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Minimize RSR Award Detail

Research Spending & Results

Award Detail

Awardee:NEVADA SYSTEM OF HIGHER EDUCATION
Doing Business As Name:Board of Regents, NSHE, obo University of Nevada, Reno
PD/PI:
  • George Bebis
  • (775) 784-6463
  • bebis@cse.unr.edu
Award Date:09/09/2009
Estimated Total Award Amount: $ 599,970
Funds Obligated to Date: $ 599,970
  • FY 2009=$599,970
Start Date:09/01/2009
End Date:08/31/2013
Transaction Type:Grant
Agency:NSF
Awarding Agency Code:4900
Funding Agency Code:4900
CFDA Number:47.070
Primary Program Source:040101 RRA RECOVERY ACT
Award Title or Description:CPS: Small: Real-time, Simulation-based Planning and Asynchronous Coordination for Cyber-Physical Systems
Federal Award ID Number:0932423
DUNS ID:146515460
Parent DUNS ID:067808063
Program:CYBER-PHYSICAL SYSTEMS (CPS)
Program Officer:
  • David Corman
  • (703) 292-8754
  • dcorman@nsf.gov

Awardee Location

Street:1664 North Virginia Street
City:Reno
State:NV
ZIP:89557-0001
County:Reno
Country:US
Awardee Cong. District:02

Primary Place of Performance

Organization Name:Board of Regents, NSHE, obo University of Nevada, Reno
Street:1664 North Virginia Street
City:Reno
State:NV
ZIP:89557-0001
County:Reno
Country:US
Cong. District:02

Abstract at Time of Award

CPS:Small: Real-time, Simulation-based Planning and Asynchronous Coordination for Cyber-Physical Systems This award is funded under the American Recovery and Reinvestment Act of 2009 (Public Law 111-5). The objective of this research is to investigate how to replace human decision-making with computational intelligence at a scale not possible before and in applications such as manufacturing, transportation, power-systems and bio-sensors. The approach is to build upon recent contributions in algorithmic motion planning, sensor networks and other fields so as to identify general solutions for planning and coordination in networks of cyber-physical systems. The intellectual merit of the project lies in defining a planning framework, which integrates simulation to utilize its predictive capabilities, and focuses on safety issues in real-time planning problems. The framework is extended to asynchronous coordination by utilizing distributed constraint optimization protocols and dealing with inconsistent state estimates among networked agents. Thus, the project addresses the frequent lack of well-behaved mathematical models for complex systems, the challenges of dynamic and partially-observable environments, and the difficulties in synchronizing and maintaining a unified, global world state estimate for multiple devices over a large-scale network. The broader impact involves the development and dissemination of new algorithms and open-source software. Research outcomes will be integrated to teaching efforts and undergraduate students will be involved in research. Underrepresented groups will be encouraged to participate, along with students from the Davidson Academy of Nevada, a free public high school for gifted students. At a societal level, this project will contribute towards achieving flexible manufacturing floors, automating the transportation infrastructure, autonomously delivering drugs to patients and mitigating cascading failures of the power network. Collaboration with domain experts will assist in realizing this impact.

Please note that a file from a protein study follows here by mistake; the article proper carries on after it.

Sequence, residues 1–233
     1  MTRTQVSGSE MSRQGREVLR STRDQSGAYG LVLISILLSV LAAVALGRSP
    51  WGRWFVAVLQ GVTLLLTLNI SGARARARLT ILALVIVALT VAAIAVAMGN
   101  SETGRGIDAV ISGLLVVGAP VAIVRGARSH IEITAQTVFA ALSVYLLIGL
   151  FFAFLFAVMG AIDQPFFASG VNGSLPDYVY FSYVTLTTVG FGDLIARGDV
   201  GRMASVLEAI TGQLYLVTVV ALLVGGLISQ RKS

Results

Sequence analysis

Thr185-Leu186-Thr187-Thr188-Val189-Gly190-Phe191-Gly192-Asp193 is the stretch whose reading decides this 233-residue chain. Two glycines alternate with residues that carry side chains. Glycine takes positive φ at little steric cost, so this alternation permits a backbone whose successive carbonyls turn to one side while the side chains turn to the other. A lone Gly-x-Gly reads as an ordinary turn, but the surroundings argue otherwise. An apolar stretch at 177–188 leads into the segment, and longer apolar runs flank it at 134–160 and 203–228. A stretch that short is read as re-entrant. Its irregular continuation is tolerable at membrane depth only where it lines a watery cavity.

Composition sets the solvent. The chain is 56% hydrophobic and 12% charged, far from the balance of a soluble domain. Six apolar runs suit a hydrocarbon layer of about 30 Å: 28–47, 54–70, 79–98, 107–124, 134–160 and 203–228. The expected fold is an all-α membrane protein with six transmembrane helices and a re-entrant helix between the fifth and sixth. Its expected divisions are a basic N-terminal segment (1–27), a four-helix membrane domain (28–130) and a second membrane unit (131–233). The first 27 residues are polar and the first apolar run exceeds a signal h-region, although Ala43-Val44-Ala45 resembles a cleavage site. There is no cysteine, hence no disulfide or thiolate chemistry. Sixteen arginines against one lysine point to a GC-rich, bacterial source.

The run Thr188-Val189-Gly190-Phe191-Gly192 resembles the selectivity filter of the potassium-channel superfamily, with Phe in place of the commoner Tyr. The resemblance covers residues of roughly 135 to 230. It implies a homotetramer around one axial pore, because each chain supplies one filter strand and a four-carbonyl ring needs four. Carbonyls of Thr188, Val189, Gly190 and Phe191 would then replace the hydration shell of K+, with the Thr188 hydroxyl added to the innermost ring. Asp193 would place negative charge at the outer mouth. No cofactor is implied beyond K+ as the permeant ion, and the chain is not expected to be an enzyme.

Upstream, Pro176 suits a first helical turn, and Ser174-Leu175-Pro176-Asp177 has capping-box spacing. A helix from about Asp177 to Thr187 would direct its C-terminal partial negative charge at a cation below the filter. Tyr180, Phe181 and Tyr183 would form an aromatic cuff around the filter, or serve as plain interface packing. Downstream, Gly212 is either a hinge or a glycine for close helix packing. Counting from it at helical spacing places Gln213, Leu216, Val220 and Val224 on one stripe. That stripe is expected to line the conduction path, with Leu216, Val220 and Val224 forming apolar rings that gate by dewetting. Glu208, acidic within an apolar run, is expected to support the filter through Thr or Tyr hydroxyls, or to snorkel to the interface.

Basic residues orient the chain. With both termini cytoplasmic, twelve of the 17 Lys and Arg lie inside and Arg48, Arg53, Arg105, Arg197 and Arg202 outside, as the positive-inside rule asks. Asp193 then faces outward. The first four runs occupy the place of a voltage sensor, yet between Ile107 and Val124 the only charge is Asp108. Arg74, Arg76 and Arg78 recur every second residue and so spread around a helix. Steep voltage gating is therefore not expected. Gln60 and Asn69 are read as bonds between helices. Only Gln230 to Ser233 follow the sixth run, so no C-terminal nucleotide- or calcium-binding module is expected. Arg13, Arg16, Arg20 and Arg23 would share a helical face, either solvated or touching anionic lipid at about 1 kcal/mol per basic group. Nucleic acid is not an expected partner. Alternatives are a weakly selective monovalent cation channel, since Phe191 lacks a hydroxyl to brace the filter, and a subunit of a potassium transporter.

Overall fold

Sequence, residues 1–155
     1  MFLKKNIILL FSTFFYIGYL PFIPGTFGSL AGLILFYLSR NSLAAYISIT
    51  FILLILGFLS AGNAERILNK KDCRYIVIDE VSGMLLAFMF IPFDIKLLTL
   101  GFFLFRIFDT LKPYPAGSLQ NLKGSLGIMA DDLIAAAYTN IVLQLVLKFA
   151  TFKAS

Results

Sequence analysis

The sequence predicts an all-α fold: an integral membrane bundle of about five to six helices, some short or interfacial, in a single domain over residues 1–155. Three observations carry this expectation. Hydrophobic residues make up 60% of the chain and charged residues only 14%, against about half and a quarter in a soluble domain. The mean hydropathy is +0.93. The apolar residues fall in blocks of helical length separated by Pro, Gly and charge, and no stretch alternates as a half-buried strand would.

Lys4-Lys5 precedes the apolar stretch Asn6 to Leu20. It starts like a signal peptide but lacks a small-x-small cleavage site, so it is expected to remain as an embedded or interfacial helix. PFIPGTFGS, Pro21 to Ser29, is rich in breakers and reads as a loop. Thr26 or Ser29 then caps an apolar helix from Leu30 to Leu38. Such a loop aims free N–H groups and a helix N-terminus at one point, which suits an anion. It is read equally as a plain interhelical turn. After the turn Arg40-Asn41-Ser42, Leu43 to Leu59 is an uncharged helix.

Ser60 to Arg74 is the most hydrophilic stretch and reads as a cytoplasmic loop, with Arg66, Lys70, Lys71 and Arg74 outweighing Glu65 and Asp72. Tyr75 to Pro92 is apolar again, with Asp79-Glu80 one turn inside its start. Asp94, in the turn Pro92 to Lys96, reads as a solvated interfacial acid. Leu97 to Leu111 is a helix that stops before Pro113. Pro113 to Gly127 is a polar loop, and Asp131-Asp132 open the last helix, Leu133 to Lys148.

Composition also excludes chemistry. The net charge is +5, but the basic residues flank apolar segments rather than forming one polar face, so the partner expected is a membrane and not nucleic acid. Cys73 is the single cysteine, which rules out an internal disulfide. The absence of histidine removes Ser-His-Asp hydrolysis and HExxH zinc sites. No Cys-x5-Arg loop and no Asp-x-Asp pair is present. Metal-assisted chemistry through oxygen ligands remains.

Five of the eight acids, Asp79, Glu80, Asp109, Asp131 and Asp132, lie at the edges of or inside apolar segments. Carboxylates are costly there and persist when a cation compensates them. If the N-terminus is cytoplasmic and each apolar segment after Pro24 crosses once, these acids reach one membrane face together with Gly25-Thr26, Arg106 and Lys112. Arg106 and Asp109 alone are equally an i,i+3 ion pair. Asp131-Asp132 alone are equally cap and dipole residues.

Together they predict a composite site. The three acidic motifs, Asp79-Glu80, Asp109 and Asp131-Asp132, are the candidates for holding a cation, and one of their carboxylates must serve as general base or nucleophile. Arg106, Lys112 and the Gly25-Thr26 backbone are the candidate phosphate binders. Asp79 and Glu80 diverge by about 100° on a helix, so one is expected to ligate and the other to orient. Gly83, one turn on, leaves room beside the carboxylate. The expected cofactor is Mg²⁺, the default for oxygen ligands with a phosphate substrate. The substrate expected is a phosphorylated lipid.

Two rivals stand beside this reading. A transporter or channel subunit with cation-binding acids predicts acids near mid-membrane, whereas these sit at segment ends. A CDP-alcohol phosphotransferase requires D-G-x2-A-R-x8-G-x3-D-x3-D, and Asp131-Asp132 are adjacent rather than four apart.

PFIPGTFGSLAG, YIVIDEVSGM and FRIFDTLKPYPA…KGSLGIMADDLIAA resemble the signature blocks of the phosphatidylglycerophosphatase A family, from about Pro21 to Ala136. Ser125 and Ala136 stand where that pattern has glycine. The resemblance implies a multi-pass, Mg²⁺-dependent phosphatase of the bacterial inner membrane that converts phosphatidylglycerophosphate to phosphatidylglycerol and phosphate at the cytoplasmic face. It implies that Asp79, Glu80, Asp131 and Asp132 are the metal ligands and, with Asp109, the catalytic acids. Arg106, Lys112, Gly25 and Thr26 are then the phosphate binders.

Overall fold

Publications Produced as a Result of this Research

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Marble J, Bekris KE. "Asymptotically Near-Optimal Planning with Probabilistic Roadmap Spanners" IEEE Transactions on Robotics, v.29, 2013, p.432.

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